Somehow, needless to say, I managed to unlace myself and get free, brought to shore and warmth, though it took several days before I could feel my feet again.  It made for a special Thanksgiving, though I chose not to tell my mother what had happened until just this past summer when I told this story at the end of our River of Life Pilgrimage. Just let me break from the story here and say that soon after I told this story at the final Eucharist of the River Pilgrimage, before setting out for the last stretch of our trip to the sea, one of our guides, Mark Kutolowski, sitting in the stern of our canoe, decided to flip us over in a plunge that celebrated our having made possible a pilgrimage that safely allowed almost 100 pilgrims to participate in the journey of prayer, contemplation, community in Christ from the Canadian border of New Hampshire to Long Island Sound along the Connecticut River.  It was a journey into Christ, and showed us a new way to live in Christian community. Every three days, strangers became fellow pilgrims.  Steve Blackmer, Jo Brooks, our chief logistics officer and operational miracle worker, and our guides of water and spirit, Mark and Lisa Kutolowski, deserve thanks and praise for changing so many lives this summer by organizing the River of Life Pilgrimage.

But, back to the meaning of the story.  Here we are, this year, in a church which is of course, an upturned boat.  Look above.  There is the keel above us.  Imagine the gunwales along the side.  See the ribs that that provide the structure of our navis, the Latin word for a boat or a ship.  In fact, we are all sitting in what is called the Nave.  A fleet of these is called a navy, and our steering of these vessels, setting the course of these ships is called navigation.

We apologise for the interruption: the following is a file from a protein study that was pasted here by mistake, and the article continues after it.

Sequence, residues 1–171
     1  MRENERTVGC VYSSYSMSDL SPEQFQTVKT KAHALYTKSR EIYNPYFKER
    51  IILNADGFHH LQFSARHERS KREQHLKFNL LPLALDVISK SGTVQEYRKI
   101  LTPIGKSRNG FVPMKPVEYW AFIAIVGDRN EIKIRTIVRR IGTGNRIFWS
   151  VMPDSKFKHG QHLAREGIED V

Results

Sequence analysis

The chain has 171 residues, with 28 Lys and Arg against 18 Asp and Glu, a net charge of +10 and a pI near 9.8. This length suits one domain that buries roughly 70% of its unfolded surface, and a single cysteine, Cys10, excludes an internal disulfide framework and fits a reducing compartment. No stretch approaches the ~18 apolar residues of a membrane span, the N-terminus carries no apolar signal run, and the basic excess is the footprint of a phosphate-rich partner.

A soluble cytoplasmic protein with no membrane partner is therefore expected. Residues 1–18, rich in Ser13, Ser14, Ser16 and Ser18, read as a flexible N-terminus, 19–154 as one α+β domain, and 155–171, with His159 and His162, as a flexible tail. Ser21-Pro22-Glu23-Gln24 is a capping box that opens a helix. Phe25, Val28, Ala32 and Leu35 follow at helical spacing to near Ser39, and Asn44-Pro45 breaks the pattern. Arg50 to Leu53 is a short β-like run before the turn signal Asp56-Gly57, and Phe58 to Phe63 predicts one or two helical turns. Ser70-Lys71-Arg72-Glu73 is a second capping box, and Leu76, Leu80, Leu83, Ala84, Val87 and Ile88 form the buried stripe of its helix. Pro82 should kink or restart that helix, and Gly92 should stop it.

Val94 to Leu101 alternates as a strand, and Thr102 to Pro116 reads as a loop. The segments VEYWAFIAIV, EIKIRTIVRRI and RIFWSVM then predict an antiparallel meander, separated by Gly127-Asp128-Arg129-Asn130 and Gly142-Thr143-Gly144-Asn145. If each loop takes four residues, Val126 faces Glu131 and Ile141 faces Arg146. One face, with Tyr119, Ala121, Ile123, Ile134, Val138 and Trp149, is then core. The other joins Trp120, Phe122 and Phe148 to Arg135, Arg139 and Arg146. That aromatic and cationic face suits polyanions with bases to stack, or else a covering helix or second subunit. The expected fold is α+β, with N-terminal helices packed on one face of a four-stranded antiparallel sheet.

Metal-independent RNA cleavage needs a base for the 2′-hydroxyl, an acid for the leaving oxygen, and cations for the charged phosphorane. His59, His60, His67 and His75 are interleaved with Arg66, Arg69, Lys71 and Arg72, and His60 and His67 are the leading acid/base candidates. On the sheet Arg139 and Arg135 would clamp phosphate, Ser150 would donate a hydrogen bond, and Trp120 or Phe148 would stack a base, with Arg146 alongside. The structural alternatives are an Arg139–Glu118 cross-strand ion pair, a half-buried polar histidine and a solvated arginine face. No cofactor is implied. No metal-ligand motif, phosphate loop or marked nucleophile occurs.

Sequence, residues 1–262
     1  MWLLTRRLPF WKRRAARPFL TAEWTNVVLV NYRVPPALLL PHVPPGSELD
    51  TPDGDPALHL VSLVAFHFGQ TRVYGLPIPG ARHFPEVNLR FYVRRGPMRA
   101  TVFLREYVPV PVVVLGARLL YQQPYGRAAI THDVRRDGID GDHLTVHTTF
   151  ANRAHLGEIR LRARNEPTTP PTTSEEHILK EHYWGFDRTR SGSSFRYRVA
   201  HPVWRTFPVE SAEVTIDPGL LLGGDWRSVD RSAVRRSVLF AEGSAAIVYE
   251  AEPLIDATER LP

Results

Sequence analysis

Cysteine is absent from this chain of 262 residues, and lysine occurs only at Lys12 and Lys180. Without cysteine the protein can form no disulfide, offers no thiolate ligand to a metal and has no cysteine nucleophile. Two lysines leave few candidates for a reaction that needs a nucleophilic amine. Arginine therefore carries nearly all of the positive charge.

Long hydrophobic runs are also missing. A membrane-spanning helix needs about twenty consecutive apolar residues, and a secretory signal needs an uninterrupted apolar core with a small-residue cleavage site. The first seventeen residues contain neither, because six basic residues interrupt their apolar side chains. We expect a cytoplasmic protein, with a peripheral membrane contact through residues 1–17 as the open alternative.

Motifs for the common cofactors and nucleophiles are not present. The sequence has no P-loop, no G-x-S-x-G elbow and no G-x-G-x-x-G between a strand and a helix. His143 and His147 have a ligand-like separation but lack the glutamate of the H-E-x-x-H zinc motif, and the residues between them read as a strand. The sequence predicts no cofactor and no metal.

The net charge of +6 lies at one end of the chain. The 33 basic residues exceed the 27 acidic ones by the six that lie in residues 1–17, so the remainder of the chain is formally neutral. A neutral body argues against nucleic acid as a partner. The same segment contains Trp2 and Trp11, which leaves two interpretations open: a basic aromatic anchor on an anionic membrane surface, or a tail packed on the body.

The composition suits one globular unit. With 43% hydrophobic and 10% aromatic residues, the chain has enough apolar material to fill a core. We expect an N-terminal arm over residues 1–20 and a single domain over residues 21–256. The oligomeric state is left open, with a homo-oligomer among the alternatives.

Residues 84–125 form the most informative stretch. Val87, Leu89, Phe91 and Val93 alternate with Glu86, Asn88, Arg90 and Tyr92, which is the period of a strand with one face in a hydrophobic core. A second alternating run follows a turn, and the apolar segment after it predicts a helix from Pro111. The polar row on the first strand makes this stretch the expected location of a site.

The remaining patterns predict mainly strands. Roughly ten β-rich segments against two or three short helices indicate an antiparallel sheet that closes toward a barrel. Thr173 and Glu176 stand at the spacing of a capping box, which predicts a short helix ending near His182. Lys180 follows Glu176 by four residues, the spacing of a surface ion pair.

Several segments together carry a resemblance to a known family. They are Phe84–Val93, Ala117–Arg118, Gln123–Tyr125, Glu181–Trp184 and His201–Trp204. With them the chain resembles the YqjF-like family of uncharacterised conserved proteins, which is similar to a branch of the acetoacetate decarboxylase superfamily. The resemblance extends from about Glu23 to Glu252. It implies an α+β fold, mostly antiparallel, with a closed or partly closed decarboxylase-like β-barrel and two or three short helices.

How are we navigating our course in this world?  God seems to say that unless we are upside down, unless we see our navigation as falling upward, to borrow the term of the spiritual writer Richard Rohr, we aren’t really following the way of Jesus. Unless we see ourselves rejoicing in being upside down, we should reconsider whether we are indeed participating at all in the Jesus movement.

I tell this story because we are tipping over, if we haven’t already.  This is the message of Jesus in the Sermon on the Mount in which he says that the dominant ways of this world, and the ways of God as they are described on the Beatitudes, are inversed. 

The world does not reward the meek...they are losers.  Peacemakers?  We are told that they should waste their time.  The merciful, pathetic and weak.  Those who hunger and the thirst for righteousness? A joke, more losers. Those who mourn...get over it.  Thus, says the dominant culture.  But Jesus says all these are blessed, which means that they have favor in God’s eyes. God holds them with loving kindness. In Jesus, God overturns the economy of the world in the ministry, rejection, death, and resurrection of Jesus. As Julian of Norwich said, “First there is the fall, and then we recover from the fall. Both are the mercy of God!”